Although it’s natural to want to make changes to the house, it’s best to keep those to yourself. While your planned changes may be completely valid and advantageous for the home value, they might also touch a nerve or trod on a part of the home that the seller loves. For instance, the seller could see installing a swimming pool as destroying a lawn they tended to for decades. Emotional attachments to specific parts of the home can mean an improvement or renovation is unwelcome from the seller’s point of view. Therefore, abstain from mentioning your remodeling plans during negotiations, as they’ll likely work against you.

6. Don’t Talk About Financials

By the time the seller reads your offer letter, they know the price you’re offering. Mentioning it in the letter is redundant and can ruin your warm, personal tone. Usually, it’s best to avoid talking about financials. However, it’s okay to mention how you’ll pay for the home – whether in cash or with a mortgage. It can be helpful to include your preapproval letter, too.

7. End With A Thank You

Finish by thanking the seller for looking at your offer and allowing you to see their home. Expressing gratitude ends the letter on a high note and can help the seller feel good about reading it.

8. Proofread Your Letter

Proofreading the letter is the essential last step in the process. It can feel monotonous, but it’s better than delivering a letter with missing commas or an incorrect spelling of the seller’s name. One strategy is to read the letter aloud; this will help you catch mistakes you would otherwise miss by reading it silently.

Remember, you don’t need to cover every single detail of the house that you appreciate or elaborate on your background. Instead, communicate in a positive way and modify it as you see fit. For instance, it might make more sense to thank the seller at the beginning of the letter if you met them in person. Overall, the order of the letter’s elements should help it flow naturally and feel authentic.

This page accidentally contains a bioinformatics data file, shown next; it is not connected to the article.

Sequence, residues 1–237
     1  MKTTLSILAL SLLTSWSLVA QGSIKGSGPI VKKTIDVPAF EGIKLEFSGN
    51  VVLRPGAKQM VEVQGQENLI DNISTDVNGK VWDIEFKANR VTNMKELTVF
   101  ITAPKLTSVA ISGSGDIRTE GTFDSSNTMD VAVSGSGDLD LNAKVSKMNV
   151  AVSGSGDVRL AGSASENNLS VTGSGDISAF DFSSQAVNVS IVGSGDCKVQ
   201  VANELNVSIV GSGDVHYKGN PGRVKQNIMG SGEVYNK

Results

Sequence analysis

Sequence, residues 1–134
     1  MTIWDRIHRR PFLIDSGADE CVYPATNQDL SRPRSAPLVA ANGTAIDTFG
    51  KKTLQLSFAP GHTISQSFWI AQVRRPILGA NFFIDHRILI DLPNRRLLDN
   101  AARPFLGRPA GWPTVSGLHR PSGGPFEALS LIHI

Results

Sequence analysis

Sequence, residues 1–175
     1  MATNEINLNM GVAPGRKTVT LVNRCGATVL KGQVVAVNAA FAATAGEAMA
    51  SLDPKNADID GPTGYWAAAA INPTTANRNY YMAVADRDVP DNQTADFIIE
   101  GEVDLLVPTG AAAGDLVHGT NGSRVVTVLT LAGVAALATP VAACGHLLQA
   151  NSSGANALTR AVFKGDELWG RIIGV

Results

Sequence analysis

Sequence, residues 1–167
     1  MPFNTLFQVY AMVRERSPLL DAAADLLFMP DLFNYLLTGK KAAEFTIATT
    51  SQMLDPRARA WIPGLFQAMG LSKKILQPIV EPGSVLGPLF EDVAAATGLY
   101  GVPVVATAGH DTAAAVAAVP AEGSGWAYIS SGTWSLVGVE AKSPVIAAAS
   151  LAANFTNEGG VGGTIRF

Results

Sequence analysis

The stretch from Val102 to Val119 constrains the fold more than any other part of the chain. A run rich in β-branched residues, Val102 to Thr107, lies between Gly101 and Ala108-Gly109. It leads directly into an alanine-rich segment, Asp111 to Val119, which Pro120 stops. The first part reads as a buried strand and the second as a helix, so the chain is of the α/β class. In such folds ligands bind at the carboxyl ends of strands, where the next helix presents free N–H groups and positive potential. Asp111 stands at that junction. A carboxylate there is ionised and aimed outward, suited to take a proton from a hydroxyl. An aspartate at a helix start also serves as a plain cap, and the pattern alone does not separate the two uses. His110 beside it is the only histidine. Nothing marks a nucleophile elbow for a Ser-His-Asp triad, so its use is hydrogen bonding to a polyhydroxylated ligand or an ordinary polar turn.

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Why Write An Offer Letter For A House?

You might wonder why writing an offer letter is worth the bother. After all, house hunting is already time-consuming, and it might seem like the seller is mainly concerned with the highest and best offer. However, in a seller’s market, buyers look for an edge to outpace the competition. An offer letter isn’t a requirement, but it can help you stand out from other offers. Sellers have to wade through numbers, and a letter can be refreshing. It can even help break a stalemate between two comparable offers.

That said, the offer letter doesn’t contain the vital details of the offer. Your price, contingencies, move-in date and concessions will determine whether the seller considers your offer at all. However, if your offer gets your foot in the door, the offer letter can help it stand out a little more.

The Bottom Line

Writing an offer letter is a minor part of the home buying process and is not required. However, the letter’s personal nature and conversational tone may be able to help in some cases. In a seller’s market, you can distinguish yourself through an excellent offer letter emphasizing what you love about the home.

You’re now prepared to write a persuasive offer letter once you reach that step. If you’re just beginning your home buying journey, you can start by getting approved for a mortgage.